Korean American Mental Health in its Familial Context
This 2004-2006 research extends from 2003-2004 survey and interview research with Korean American and South Asian American college students at the University of Illinois. At the heart of the research was survey and ethnographic research conducted by a six person interdisciplinary team that included four stupendous graduate students: Grace Chung (Human and Community Development), Jin-Heon Jung (Anthropology) Hyeyoung Kang (Human and Community Development), and Euna Oh (Counseling Psychology). Throughout the project, we culled field research notes (on interviews, participant observations, and survey administration) in a web-based data archive. All project researchers reviewed and commented upon the field documents, making for a robust archive of data and reflection.
We conducted interdisciplinary research on the mental health and functioning of Korean American adolescents and their immigrant parents. Our study was premised on a seeming paradox in mental health research on Asian Americans: a high level of competent academic, familial, and occupational functioning, and yet high levels of psychological distress symptoms (e.g., depression, low self-esteem, etc.) that are presumably due to Asian Americans’ immigrant experience and minority status (e.g., stress of immigration and adjustment to the new environment, culture, and language; thwarted occupational aspiration of the parent generation; socioeconomic pressures; family expectations for the second-generation children to succeed). We explored parent-child pathways at work in this manifest resilience -- and the hidden risks -- of the members of one immigrant community.
Hypotheses and Goals
We had the following goals for our project: (1) To examine the effects of parents’ mental health on families’ and adolescent children’s well-being and functioning in immigrant Korean American families, (2) to explore the ways in which immigrant Korean families understand and negotiate the meanings and impact of their mental health in their lives, and (3) to examine both the manifest resilience and risks of apparent high social functioning in Korean American families in the context of immigration history and in relation to intra-group heterogeneity.
Based on our previous research on college-aged Korean Americans, we hypothesized that there would be more manifest difficulties in family relationships and functioning for adolescents than for college students. Having identified several coping strategies of college students that appeared to enhance their resilience from earlier family difficulties, we were interested in exploring the extent to which as well as how these coping strategies developed over the course of adolescence. Given the high rates of small entrepreneurship among this population, we hypothesized that there would be considerable adolescent independence from parents, with accompanying psychological distance.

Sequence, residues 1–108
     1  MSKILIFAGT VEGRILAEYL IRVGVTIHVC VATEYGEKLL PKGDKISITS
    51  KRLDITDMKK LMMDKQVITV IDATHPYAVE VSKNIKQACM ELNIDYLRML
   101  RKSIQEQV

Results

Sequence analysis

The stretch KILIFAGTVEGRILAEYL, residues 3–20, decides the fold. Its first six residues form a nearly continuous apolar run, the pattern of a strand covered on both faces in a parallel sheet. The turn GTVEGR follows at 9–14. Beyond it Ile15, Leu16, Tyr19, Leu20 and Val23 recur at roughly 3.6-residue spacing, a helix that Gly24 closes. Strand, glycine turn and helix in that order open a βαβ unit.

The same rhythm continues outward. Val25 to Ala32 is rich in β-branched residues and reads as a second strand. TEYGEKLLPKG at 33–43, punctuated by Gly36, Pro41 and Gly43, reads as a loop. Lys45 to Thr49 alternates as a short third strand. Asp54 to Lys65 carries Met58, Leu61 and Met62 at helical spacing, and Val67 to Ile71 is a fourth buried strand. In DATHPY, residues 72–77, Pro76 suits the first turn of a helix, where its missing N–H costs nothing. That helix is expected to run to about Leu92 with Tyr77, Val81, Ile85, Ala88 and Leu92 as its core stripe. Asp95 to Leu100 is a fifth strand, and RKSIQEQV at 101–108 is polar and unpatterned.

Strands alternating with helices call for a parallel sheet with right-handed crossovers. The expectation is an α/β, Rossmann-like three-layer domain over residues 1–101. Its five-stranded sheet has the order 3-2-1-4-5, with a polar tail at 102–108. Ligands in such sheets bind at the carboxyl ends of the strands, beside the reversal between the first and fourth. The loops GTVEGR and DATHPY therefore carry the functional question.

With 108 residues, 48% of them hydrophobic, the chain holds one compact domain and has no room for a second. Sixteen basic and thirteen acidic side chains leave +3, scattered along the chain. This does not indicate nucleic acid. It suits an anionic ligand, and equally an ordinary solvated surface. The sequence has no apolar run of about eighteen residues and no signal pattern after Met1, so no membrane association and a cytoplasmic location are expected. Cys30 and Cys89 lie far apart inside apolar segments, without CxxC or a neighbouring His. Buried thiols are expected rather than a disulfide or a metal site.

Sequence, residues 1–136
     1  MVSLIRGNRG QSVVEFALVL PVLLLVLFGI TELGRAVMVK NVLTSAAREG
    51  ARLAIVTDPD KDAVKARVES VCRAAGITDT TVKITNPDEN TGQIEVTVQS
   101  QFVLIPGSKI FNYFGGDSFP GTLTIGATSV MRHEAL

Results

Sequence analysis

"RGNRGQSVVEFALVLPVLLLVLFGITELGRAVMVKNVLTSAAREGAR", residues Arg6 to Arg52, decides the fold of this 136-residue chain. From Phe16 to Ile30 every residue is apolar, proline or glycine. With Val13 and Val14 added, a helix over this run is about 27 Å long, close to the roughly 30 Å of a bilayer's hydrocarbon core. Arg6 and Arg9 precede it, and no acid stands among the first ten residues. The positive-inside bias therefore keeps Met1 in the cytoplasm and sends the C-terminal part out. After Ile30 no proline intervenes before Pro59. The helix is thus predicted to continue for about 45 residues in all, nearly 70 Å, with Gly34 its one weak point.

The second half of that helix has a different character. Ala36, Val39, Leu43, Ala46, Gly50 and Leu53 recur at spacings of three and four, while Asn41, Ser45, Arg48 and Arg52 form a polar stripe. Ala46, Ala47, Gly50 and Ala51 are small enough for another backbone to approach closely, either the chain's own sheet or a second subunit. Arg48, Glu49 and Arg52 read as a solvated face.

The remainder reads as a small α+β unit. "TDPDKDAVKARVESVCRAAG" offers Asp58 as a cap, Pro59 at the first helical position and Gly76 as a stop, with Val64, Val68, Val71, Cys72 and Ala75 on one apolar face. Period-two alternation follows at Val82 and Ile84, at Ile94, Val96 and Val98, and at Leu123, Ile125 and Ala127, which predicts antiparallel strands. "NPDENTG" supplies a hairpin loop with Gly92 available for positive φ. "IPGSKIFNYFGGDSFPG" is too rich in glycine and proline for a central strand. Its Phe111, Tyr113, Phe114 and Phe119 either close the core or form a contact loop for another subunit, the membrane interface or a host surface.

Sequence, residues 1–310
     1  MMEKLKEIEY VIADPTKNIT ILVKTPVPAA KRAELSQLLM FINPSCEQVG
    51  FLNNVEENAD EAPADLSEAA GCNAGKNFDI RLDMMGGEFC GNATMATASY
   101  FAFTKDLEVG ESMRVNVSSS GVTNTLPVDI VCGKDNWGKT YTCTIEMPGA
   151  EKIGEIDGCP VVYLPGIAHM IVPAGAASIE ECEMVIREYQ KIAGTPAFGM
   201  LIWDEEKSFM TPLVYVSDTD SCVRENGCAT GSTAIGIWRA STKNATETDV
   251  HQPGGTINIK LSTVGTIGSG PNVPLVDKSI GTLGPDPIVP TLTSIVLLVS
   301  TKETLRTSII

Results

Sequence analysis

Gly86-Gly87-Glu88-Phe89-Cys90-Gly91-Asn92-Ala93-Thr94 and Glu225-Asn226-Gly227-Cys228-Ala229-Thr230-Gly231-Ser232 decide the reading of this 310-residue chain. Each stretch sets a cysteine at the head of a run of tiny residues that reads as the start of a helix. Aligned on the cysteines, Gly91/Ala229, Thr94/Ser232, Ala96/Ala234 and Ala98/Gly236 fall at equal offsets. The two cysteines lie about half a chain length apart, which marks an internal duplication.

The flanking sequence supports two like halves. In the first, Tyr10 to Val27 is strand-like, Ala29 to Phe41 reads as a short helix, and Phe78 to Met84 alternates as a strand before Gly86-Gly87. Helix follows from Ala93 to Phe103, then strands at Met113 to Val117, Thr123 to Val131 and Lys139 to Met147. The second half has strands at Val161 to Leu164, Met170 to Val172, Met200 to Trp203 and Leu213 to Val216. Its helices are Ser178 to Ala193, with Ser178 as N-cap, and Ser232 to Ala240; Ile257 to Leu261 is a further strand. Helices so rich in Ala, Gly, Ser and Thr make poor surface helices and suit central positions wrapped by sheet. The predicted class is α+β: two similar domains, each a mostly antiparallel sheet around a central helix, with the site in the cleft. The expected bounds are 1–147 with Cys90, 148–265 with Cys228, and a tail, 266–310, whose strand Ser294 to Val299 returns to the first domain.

The survey data are still being prepared for analysis. The ethnographic research confirmed that even high functioning families (i.e., children function well in school and parents in the workplace) experienced considerable family-related stress. We found evidence to support our initial working hypothesis that the strategies that Korean American college students employed to cope with family stress were also in place for some adolescents. These strategies include: adolescent recognition of parental suffering related to immigration, racism, language barriers, downward occupational mobility, and economic insecurities; reliance on personal religious faith; and resigned acceptance of their position as children of immigrant parents. For other adolescents, we found hints of some behavioral problems (e.g., suicidal ideation, minor conduct problems such as stealing and running away from home) that appeared to be related to family pressures and strains. However, these instances of adolescent behavioral problems did not for the large part manifest in overt family dysfunction, as the adolescents and parents appeared to “contain” and manage this suffering. We nonetheless consider this type of evidence as pointing to the significant level of psychological suffering among Korean American parents and children despite the manifest resilience they exhibit. To have the whole family succeed in the immigration enterprise involves much psychic energy, pain, tension that must be managed by both parents and the children in order to contain and domesticate the individual frustration and to sustain the family. In this context, we found that parents struggled to strategize optimal ways to raise their bicultural children in order to flourish in the United States. We have documented that these sufferings and struggles are largely kept private within families and are accessed by researchers ethnographically only after repeated contacts. For the rare families that publicly acknowledge and attempt to seek help for the “fall outs” (in the form of adolescent externalizing behavior), there are virtually no resources or accurate information to assist the parents and the children successfully negotiate these family crises.